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A Note from Peter Huessy on Egypt

Sinai_Space_ViewI received the following note from Peter Huessy responding to my interview with Cynthia Farahat, in which Mr. Huessy’s views on Mubarak was mentioned (click here to read the interview). I’m posting it here with Mr. Huessy’s permission.

I am glad to read about Cynthia Farahat and her extraordinary courage. I agree with her views on Mubarak and his giving the Muslim Brotherhood room to organize while at the same time pretending to ban them. Her point is well taken; especially how the more pro-liberty elements in Egypt were persecuted and imprisoned.

However, I believe she must see the difference between the previous government in Egypt and, say, Syria and Iran today, and the dangers of Egypt joining such a coalition. Was Mubarak arming Hamas and Hezbollah? And supporting terrorist attacks against the United States and its allies, including Israel? The U.S. government’s withdrawal of support for Mubarak, and now the rise of the Muslim Brotherhood—seemingly with support from the Obama administration—could end up with a very repressive, shariah-compliant, terror-sponsoring state.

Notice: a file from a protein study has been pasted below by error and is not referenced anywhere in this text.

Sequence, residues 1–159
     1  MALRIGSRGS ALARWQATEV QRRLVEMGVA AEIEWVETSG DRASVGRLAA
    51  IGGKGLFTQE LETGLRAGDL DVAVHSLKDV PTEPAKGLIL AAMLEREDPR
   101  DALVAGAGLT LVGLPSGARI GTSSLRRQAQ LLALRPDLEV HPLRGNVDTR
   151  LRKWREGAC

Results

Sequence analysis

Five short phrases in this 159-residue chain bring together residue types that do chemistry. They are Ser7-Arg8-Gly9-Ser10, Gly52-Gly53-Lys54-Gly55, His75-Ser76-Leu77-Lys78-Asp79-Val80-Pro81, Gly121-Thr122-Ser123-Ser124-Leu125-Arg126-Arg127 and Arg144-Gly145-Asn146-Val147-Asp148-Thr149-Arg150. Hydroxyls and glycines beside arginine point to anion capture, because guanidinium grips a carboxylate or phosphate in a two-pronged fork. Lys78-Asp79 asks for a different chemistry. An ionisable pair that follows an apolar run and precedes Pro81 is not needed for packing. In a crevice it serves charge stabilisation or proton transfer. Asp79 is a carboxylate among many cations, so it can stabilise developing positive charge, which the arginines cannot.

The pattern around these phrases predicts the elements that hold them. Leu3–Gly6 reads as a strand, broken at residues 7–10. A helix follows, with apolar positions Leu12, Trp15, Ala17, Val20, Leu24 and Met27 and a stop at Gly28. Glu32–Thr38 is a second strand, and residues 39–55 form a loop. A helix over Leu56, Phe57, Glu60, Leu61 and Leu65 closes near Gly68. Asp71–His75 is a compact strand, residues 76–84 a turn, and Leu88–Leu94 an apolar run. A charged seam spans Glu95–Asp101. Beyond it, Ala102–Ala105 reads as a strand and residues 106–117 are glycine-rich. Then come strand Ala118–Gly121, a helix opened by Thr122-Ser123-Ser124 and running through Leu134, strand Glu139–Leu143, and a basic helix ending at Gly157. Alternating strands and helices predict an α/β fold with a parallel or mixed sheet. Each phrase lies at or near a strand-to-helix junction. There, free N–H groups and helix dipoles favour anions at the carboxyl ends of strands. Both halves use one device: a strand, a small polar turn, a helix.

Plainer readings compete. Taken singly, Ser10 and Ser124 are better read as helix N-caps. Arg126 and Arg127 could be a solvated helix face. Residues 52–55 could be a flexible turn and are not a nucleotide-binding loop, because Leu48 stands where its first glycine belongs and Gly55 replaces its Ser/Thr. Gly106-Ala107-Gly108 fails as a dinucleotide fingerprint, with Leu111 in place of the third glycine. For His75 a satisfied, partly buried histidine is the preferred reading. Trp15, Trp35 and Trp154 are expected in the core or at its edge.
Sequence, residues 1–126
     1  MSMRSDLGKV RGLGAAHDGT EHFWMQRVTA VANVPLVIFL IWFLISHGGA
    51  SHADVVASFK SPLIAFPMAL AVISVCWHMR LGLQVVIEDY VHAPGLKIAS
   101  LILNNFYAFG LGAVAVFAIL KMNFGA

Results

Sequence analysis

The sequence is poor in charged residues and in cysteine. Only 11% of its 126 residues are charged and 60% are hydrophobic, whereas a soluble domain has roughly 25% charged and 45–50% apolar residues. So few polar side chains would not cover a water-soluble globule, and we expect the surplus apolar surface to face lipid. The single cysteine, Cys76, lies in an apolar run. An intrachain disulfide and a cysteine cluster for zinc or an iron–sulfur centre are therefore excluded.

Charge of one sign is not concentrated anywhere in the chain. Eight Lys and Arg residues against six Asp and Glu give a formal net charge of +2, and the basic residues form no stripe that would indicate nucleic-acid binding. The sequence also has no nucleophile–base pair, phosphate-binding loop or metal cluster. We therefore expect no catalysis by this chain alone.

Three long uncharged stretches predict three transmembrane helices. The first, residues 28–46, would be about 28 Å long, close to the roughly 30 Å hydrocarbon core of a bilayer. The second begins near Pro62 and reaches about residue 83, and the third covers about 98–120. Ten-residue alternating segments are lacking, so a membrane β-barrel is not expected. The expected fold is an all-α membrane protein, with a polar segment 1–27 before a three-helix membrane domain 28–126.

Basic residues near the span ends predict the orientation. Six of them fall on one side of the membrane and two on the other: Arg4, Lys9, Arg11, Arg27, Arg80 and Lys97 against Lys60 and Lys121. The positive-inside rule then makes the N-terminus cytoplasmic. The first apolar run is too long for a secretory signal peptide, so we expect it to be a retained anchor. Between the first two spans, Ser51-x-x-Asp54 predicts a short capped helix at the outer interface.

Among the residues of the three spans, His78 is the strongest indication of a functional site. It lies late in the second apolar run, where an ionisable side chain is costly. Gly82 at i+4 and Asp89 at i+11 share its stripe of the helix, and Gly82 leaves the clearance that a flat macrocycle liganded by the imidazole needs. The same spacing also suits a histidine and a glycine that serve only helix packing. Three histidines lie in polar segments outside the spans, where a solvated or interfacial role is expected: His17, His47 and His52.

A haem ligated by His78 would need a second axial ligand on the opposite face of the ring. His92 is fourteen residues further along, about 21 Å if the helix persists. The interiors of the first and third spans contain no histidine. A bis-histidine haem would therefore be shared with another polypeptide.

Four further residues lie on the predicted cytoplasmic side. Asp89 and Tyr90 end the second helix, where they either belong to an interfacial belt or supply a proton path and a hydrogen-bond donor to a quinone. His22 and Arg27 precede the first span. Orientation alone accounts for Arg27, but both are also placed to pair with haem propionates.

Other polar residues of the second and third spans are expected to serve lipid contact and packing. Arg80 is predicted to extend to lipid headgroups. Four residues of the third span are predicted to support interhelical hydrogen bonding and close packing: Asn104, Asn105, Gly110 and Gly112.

For example, the Sinai was relatively quiet for decades. The role of the previous Egyptian government in keeping in check a potential threat to Israel from this area must be kept in mind. Also important are efforts such as the “flotilla” that attempted to undo the blockade of Gaza. Egypt maintained the blockade, along with Israel, while Islamists, Turkey and radical left elements in the United States tried to over-turn the blockade with the aim of making it easier to get weapons into Gaza. It is apparent also that the Sinai has now become what one observer called an “arms bazaar” for terror groups such as Hamas to “stock-up.”

I agree that the failure of the United States to support genuine Egyptians who want freedom, and a more Western style of government was a black mark against our country. Can such an alternative now be pursued? The day may be late in Egypt. But I will support Ms. Farahat and her efforts to do so unequivocally.

(Introduction updated February 18, 2012, 4:02am EST.)

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